With their election in November of 1992, the political analysts suggested once again that Clinton would behave traditionally. They believed that he would feel threatened by his Vice President, and would therefore reduce his role from full partner in the campaign to the traditional junior partner role of Vice President.
And once again, the analysts were proven wrong. In many ways Clinton and Gore have continued to function as a governing team. And increasingly Gore has been given high-profile assignments by the President, which have further enhanced his role in the Administration.
There is, as one White House aide describes it, “an intense working partnership between the President and the Vice President.” It is the access the Gore has to Clinton and the President’s respect for his Vice President that enables Gore play the role that he does. They meet regularly, and Gore and his national security advisor participate in the daily White House national security briefings.
Other Democratic party leaders note that the credit for Gore’s high-profile role belongs to Bill Clinton. Former Senator Gary Hart, for example, notes “Al Gore is a star in this Administration in virtually everything he’s involved in. I think a great deal of credit for the authority he has goes to the President. ...I think most Presidents, for reasons of their own insecurity, do not want a true operating Vice President. I think it’s a tribute to Clinton that he is not concerned about that.”
Richard Moe, a former aid to then-Vice President Walter Mondale, has observed that Gore “has clearly developed a relationship with the President that has allowed him to be involved in every major decision making process.” And Moe believes that the selection of Gore was “a reinforcement of what Clinton was all about. ...So they are in sync, they really understand each other, they can relate to each other well.”
As a result of the positive relationship and the fact that Clinton is comfortable with Gore playing a major and visible role, Gore has been assigned to work on a number of key Administration priorities.
Early on in his Administration, Bill Clinton got embroiled in an intense controversy over his support for the North American Free Trade Agreement (NAFTA). But what made this controversy more dangerous for the White House than many others was the involvement of Ross Perot in the campaign against the agreement. Perot tried to mobilize his political forces (which, it must be remembered, gave Perot nearly 20 million votes in 1992) against NAFTA, and bought extensive television advertising time to take his anti-NAFTA Message directly to the American people. The Administration realized they had to counter Perot’s message quickly and effectively.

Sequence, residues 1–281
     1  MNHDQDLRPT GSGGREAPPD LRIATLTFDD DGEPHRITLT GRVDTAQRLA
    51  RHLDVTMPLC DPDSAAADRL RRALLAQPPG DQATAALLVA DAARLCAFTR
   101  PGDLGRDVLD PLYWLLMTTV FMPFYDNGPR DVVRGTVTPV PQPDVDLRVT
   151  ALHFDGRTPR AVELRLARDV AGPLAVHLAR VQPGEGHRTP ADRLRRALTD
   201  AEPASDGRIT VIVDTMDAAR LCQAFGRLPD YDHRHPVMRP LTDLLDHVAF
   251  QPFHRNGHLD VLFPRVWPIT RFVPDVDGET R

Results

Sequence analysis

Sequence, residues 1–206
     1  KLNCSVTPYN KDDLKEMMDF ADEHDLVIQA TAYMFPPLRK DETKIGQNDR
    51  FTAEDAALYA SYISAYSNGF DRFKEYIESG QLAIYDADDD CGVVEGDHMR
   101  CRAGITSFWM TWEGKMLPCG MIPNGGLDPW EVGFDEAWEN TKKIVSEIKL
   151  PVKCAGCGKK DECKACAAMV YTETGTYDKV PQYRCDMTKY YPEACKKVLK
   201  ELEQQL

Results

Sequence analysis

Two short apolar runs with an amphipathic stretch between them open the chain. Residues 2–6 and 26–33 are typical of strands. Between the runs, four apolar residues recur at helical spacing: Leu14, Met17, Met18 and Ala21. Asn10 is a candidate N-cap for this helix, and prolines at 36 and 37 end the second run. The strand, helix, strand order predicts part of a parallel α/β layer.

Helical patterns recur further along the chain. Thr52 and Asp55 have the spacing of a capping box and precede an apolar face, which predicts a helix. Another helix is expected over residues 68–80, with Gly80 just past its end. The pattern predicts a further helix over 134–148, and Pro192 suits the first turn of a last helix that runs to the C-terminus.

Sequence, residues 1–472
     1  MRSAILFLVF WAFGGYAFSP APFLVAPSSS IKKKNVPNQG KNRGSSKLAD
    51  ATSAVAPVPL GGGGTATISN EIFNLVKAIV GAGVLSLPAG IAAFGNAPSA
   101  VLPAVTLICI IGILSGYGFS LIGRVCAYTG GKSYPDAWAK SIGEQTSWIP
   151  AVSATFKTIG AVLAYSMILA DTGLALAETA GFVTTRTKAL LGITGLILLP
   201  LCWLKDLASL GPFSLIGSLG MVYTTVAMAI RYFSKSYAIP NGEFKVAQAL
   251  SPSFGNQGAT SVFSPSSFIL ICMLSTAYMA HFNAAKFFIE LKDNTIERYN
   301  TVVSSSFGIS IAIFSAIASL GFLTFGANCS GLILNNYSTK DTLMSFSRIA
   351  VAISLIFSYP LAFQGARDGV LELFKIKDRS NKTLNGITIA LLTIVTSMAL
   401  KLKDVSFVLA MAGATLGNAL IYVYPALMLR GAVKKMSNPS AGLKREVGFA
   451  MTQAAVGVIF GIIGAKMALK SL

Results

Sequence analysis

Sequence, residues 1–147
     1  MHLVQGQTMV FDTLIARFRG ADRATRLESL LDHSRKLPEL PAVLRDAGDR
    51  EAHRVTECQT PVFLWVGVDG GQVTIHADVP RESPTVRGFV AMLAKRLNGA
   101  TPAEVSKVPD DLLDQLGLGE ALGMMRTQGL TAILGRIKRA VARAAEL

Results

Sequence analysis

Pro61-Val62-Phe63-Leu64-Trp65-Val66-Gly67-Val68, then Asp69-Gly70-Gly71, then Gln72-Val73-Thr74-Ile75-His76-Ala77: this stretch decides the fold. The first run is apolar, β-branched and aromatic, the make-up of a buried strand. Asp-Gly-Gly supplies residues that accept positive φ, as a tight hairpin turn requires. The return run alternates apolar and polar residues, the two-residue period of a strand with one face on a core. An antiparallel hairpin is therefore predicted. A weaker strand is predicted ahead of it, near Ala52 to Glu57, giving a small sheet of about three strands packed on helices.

Al Gore volunteered to debate Perot on NAFTA on national television. Initially, White House strategists were hesitant to put Gore on stage with Perot out of fear that Perot’s folksy style and sharp tongue would put the Vice President at a disadvantage (even Gore is well-known for telling jokes about his “stiff” public persona). But with Perot gaining ground, Gore was given the task of taking on Perot in a one-on-one debate – and the move was stunningly successful. Political analysts felt that Gore could win the debate even while losing because the expectations for his performance were so low, but in fact nearly all analysts agreed that Gore out-performed Perot and easily won the debate. And, of course, Congress did eventually ratify NAFTA.
Another of Gore’s high-profile assignments a project known as the National Performance Review (NPR). The impetus behind the initiative – eliminating waste in the federal government and cutting out inefficiencies – was not new; but cutting the size of government was a traditionally Republican issue, and so the effort became a part of the effort to enhance the Administration’s “New Democrat” image. But Gore’s effort went beyond simply identifying and eliminating waste. It focused on improving the coordination between the federal government with local and state governments, and allowing local and state governments the flexibility to tailor programs to the needs of their citizens rather than to federal regulations. As a report on the NPR concludes, its “recommendations are not just about cutting wasteful spending, they are also about creating a government that works better.”
Yet another of Gore’s responsibilities is to oversee the Administration efforts regarding the Information Superhighway, more commonly known as the Internet – an informal network of academic, military and commercial networks which now spans the globe. The small part of that task for Gore has been overseeing the Administration’s entry onto that “superhighway,” and White House speeches and documents as well as documents from many federal agencies are now available on the Internet. But his primary responsibility is encouraging increased cooperation between the groups that form the Internet and developing standards both domestically and abroad for handling the exponential growth that the Internet has been and will continue to experience. The Administration’s overall policy goal in this area is to increase the ease of international communication and facilitate international trade.
Gore has also been assigned by the President to co-chair, with the Russian Prime Minister, the U.S.-Russian bilateral commission that oversees interagency cooperation between the two countries. The commission has been a channel for significant discussion on issues of common concern such as the exploration of space, the environment, trade and nuclear disarmament.
In many ways, a by-product of the Clinton-Gore relationship is the very reinventing of the role of the Vice President in government. As a result of the significant role Gore is playing in the Clinton Administration, the selection of future Vice Presidential nominees will be more carefully scrutinized and future Vice Presidents will be expected to play equally substantial roles in their Administrations.
As for Gore himself, a great deal more can be expected. He is, of course, committed to the reelection of Bill Clinton in 1996. But 14 past Vice Presidents have ultimately been elected President, and Gore clearly has the ambition to become the fifteenth.